Cough, cough, hack. Don't dive for a home run ball in the channel in 1926. (OpenSFHistory/wnp33.04386)

Over the last 30 years a new “city-in-a-city” has sprouted on the old marsh. Where steamboats were built in small boatyards, we have a baseball stadium and McCovey’s Cove. Where men once braided rope, rendered whales into oil, or rolled iron, we have modern hospitals, edgy art, and Steph Curry.

Where Woody ate Carmen Solis’s chicken-and-rice—washed down with tap water she thoughtfully provided in recycled orange-juice bottles—Woody can now buy a kale salad in a plastic box.

But does the handsome deli counter at Gus’s offer fresh smelt?

* They weren't all hippies at the Mission Creek houseboats, but I didn't know better in 1992. I soon met Jack Davis and some amazing artists there (some of whom were downright hippish.)

Woody Beer and Coffee Fund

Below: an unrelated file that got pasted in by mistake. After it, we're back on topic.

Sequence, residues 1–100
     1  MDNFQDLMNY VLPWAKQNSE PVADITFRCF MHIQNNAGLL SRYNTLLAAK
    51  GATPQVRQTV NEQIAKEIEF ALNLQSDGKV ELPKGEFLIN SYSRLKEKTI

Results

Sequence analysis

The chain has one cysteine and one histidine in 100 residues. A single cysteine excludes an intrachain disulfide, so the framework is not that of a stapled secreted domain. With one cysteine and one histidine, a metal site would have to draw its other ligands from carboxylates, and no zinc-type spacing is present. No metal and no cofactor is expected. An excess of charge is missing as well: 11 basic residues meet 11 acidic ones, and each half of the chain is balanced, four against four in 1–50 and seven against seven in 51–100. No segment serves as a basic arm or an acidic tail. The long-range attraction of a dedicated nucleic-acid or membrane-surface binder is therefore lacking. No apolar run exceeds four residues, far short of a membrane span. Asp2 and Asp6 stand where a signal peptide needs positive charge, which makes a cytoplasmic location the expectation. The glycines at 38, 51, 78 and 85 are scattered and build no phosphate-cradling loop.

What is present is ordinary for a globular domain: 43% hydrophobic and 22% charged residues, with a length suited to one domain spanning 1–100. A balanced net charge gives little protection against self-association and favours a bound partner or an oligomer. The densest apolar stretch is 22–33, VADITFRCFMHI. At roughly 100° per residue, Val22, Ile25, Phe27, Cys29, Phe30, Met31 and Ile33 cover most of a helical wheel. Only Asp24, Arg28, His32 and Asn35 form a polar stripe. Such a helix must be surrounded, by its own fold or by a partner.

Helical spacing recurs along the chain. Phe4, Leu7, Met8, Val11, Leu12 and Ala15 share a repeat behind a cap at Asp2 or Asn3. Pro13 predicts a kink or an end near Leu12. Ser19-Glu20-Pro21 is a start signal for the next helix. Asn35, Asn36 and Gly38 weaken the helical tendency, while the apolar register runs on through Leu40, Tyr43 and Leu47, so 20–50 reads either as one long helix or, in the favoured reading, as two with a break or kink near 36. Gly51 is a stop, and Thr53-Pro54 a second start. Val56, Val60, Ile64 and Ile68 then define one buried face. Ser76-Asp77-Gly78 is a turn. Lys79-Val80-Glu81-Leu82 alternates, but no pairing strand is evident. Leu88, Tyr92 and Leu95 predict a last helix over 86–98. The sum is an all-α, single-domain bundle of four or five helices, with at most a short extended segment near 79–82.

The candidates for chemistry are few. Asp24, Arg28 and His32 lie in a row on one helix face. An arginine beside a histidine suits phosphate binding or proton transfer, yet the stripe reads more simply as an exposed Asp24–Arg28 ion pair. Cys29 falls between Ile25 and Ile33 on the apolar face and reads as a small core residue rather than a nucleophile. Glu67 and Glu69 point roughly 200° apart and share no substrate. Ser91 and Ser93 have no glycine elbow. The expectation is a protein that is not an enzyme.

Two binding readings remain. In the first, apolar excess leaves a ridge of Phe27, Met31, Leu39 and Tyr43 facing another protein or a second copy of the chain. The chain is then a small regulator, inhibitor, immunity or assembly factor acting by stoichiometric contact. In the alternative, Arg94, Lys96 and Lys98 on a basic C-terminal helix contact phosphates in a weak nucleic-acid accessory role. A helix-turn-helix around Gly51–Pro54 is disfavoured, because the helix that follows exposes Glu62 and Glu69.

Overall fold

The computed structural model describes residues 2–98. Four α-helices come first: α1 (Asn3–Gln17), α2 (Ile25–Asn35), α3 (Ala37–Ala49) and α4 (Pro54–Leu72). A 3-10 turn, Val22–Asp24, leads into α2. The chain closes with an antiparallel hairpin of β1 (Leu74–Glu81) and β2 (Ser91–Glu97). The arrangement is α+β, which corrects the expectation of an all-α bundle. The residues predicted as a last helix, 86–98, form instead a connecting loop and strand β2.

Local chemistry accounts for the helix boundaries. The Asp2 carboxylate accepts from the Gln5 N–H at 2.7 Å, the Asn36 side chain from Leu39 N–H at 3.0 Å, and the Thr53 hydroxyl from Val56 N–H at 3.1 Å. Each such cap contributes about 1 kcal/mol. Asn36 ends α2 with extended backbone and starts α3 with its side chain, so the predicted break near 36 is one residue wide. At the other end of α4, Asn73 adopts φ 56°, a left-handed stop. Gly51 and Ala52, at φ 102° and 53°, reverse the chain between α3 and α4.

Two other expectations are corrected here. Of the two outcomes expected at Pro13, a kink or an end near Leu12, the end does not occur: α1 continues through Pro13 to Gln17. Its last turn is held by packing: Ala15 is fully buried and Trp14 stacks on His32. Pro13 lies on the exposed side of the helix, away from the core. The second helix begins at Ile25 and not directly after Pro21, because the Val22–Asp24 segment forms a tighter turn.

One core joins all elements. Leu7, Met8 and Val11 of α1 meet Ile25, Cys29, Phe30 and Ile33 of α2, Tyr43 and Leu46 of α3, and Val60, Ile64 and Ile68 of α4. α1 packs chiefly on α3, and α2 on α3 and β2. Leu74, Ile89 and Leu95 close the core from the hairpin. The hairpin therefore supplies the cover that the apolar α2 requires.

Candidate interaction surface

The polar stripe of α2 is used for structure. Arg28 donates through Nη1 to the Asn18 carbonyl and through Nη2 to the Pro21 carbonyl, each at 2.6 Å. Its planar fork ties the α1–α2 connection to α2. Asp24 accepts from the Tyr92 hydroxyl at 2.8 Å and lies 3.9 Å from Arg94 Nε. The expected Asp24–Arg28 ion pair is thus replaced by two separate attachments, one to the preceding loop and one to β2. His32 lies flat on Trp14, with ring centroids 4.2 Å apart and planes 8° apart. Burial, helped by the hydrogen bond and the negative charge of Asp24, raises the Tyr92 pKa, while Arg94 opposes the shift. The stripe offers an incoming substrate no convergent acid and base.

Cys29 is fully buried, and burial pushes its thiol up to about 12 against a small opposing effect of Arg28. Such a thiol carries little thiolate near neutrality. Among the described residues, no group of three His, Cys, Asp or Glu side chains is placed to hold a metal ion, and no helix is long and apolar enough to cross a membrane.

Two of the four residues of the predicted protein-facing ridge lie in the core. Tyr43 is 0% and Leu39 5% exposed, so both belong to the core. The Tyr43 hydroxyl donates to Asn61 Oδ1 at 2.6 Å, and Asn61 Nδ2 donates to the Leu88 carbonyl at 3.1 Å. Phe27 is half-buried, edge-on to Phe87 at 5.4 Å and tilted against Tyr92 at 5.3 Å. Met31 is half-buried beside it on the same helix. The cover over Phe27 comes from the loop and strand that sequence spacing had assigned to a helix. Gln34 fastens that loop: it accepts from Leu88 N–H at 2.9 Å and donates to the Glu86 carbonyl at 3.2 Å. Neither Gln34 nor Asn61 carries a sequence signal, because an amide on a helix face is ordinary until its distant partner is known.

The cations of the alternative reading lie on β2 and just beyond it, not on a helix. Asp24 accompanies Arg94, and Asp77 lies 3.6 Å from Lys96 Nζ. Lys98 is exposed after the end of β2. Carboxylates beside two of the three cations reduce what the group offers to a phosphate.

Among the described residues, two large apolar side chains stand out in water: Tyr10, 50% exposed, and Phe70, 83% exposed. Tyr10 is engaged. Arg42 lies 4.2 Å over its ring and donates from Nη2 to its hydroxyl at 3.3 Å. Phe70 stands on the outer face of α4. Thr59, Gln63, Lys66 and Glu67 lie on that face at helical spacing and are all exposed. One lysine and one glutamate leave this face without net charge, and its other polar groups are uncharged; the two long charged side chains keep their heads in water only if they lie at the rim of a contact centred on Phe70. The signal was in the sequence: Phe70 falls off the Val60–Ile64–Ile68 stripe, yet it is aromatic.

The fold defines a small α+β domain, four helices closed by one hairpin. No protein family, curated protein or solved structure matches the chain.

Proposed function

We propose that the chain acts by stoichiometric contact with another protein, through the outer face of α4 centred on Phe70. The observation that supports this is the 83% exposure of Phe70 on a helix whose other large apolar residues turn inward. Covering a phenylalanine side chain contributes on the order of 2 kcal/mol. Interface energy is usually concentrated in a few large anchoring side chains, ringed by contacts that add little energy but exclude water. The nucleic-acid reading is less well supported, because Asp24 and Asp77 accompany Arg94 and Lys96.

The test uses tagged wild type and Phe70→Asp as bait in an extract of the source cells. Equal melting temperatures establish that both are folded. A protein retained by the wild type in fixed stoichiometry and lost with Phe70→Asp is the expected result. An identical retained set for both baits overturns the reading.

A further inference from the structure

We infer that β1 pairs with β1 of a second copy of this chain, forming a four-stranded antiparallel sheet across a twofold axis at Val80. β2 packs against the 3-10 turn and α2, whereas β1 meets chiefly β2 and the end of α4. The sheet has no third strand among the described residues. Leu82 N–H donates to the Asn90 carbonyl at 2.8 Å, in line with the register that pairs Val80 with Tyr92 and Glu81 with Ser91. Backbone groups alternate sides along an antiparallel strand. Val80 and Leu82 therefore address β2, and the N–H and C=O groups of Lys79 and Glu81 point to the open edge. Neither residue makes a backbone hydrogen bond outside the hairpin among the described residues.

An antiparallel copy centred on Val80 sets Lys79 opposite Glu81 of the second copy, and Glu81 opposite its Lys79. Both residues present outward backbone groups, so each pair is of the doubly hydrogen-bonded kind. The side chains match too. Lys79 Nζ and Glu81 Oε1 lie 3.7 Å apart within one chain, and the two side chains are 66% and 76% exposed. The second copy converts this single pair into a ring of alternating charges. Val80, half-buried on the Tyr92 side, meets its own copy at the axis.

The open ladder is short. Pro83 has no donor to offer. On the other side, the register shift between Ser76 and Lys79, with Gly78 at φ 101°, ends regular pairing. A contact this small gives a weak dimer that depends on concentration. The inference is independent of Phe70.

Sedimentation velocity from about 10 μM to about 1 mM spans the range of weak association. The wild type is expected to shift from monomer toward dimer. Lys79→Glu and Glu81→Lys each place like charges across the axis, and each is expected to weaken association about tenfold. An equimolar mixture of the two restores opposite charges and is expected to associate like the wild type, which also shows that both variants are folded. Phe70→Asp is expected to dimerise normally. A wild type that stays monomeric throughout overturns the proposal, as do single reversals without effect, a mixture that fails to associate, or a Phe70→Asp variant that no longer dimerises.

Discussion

Beverages? I had a whole darned lunch with these two gentlemen. Thanks to Noah L. and Ty S. (F.O.W.) for a great time. 

Thanks to Mr. Angus M. (F.O.W.) and Canice F. for chipping into the Woody-and-You beverage and conversation bank. I frequently state that this is not a nonprofit fund, but it could be. What is more important to a vibrant society than human connections? And, for that matter, what is more important than Woody LaBounty having easy access to coffee and beer?

Is it your turn? Let me know when you’re free.


Nancy Olmsted, Vanished Waters: A History of San Francisco’s Mission Bay, 2nd. ed. (San Francisco: Mission Creek Conservancy, 2010). This is a great book and kudos to Chris Carlsson and Bob Isaacson for their work on the second edition.

“The Mission Bay Bridge,” San Francisco Bulletin, June 9, 1865, pg. 3.